Before the printing technology was invented, calligraphy had performed the functions of recording information and conducting written communication and exchange. The space for calligraphic display has extended from homes, palaces, shops, and temples to the cliff and rocky wall. Calligraphy often appears in important events such as national celebration ceremonies and sacrificial rites as well as the daily activities of common people such as celebrations, burials, and religious activities, and performs different roles therein.
In ancient times, calligraphy was a necessary skill for intellectuals and officials, who were the main participants of the inheritance and development of calligraphy. A series of activities around calligraphy, together with the resulting cultural atmosphere, have constituted the important spiritual life space of the Chinese.
In its development, calligraphy has developed a complete set of theories and skills. The art has enjoyed orderly propagation and continuous development through personal instruction and documented records, and presented distinct features in correspondence with the change of time and alteration of tools and materials. Chinese history has produced a large number of prestigious calligraphers, such as Wang Xizhi (303-361 A.D.), Yan Zhenqing (709-785 A.D.), and Su Shi (1037-1101 A.D.).
In modern life, the popularization of pens and computer has put an end to the role of brush as the primary writing tool, and has accordingly transformed Chinese calligraphy from a working skill into a special art, and gradually transferred the responsibility for the propagation of the art from the traditional intellectuals and officials to professional calligraphers. Contemporarily, the propagation and development of Chinese calligraphy mainly depends on the calligrapher associations, arts colleges and schools, and research institutions at all levels. China Calligraphers Association, a nongovernmental professional organization with over 8,000 members, and Chinese Calligraphy Institute of Chinese National Academy of Arts, a national-level calligraphy research and creation center, are the major organizations for the propagation and safeguarding of Chinese calligraphy; Shen Peng, Ouyang Zhongshi, Zhang Hai, and Wang Yong are some representatives of the propagators of the art.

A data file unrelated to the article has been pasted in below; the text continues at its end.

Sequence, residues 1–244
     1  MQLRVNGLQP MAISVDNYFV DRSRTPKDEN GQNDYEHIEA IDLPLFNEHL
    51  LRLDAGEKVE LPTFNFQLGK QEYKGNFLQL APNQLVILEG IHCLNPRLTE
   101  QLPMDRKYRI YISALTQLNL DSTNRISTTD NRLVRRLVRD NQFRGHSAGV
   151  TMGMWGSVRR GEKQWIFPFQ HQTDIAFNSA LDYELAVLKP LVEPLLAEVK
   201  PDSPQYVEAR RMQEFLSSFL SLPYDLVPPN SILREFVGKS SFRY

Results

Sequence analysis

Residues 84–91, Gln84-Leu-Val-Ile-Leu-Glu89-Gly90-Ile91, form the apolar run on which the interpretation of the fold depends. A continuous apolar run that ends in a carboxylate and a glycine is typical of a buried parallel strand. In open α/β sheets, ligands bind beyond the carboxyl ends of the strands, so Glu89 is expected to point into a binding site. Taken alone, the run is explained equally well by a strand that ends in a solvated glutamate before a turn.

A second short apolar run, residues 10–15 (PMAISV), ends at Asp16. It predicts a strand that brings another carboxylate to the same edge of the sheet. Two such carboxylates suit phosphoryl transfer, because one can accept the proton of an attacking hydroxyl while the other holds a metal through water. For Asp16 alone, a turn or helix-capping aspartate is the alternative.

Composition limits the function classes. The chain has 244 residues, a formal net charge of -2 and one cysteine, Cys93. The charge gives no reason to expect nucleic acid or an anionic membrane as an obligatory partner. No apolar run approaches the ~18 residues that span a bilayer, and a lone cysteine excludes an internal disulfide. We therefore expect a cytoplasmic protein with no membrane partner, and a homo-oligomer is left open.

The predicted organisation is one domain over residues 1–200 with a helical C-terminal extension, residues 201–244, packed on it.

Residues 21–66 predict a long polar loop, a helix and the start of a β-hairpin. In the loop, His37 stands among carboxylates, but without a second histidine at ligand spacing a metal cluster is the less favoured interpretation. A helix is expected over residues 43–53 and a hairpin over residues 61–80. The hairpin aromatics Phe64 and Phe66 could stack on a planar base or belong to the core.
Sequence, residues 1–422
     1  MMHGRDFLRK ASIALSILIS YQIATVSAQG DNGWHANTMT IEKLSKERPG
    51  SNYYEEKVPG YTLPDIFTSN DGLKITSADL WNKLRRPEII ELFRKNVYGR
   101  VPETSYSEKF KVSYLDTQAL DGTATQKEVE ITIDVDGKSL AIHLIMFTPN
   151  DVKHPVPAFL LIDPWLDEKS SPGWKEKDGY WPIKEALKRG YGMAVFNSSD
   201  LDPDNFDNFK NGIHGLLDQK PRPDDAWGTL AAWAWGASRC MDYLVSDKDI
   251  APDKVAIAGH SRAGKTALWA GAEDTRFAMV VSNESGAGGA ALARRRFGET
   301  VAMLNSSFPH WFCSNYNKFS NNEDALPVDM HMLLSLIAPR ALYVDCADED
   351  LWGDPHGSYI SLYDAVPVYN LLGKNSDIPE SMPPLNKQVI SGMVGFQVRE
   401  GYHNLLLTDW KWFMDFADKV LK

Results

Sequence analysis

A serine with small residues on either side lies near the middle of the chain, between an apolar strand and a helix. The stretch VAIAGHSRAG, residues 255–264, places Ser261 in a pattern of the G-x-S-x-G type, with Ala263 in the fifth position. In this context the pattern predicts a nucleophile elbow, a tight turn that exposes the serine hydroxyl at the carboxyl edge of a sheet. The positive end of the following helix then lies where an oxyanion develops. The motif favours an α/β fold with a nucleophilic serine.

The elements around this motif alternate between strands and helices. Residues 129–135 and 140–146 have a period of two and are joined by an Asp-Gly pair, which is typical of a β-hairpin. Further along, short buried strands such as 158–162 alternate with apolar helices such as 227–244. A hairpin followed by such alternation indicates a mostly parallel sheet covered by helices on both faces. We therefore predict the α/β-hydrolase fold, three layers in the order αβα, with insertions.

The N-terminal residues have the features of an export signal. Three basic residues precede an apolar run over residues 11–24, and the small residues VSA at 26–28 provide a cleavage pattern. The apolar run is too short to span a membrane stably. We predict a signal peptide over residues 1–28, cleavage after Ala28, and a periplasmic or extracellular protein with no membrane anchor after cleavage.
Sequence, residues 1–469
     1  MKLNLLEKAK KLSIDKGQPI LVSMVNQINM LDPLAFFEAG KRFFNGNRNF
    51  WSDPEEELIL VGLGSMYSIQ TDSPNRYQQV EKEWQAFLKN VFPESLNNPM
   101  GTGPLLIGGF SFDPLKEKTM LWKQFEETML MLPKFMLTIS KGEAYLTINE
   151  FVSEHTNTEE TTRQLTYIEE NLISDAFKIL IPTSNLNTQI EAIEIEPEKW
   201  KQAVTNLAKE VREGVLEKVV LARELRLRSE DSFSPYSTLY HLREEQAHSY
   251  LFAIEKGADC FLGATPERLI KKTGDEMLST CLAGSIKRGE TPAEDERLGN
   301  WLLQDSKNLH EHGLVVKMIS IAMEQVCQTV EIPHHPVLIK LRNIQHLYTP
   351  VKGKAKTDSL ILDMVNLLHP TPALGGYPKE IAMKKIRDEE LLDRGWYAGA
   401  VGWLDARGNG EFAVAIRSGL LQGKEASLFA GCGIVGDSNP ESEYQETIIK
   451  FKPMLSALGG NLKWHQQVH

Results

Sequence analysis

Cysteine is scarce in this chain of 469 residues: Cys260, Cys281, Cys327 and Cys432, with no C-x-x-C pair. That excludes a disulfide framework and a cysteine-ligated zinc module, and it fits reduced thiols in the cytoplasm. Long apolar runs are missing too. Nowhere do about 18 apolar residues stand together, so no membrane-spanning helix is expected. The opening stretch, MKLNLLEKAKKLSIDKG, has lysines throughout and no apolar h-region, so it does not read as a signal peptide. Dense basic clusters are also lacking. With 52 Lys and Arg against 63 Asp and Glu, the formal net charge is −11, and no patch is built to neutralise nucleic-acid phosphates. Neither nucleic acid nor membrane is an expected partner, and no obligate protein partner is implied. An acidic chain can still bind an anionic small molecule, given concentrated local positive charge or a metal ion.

Aside from the traditional method of master-disciple instruction, school education has also become an important mode of Chinese calligraphy propagation. While carrying forward its glorious history, Chinese calligraphy has also absorbed nutrients from other forms of arts. Frequent calligraphy activities have been held at different levels. Chinese calligraphy is still the most popular and the most widely participated art form, and is also a main channel for the appreciation of the traditional culture of China and for esthetic education.
Through more than 3,000 years of development, Chinese calligraphy has become a symbol of China's culture, according to Li Shenghong, vice president of the Calligraphy College. As time passes, calligraphy's utilitarian function is decreasing, and its existence as an art style is endangered. "On this basis, calligraphy must be considered as intangible cultural heritage which needs to be protected and passed on," says Li Shenghong.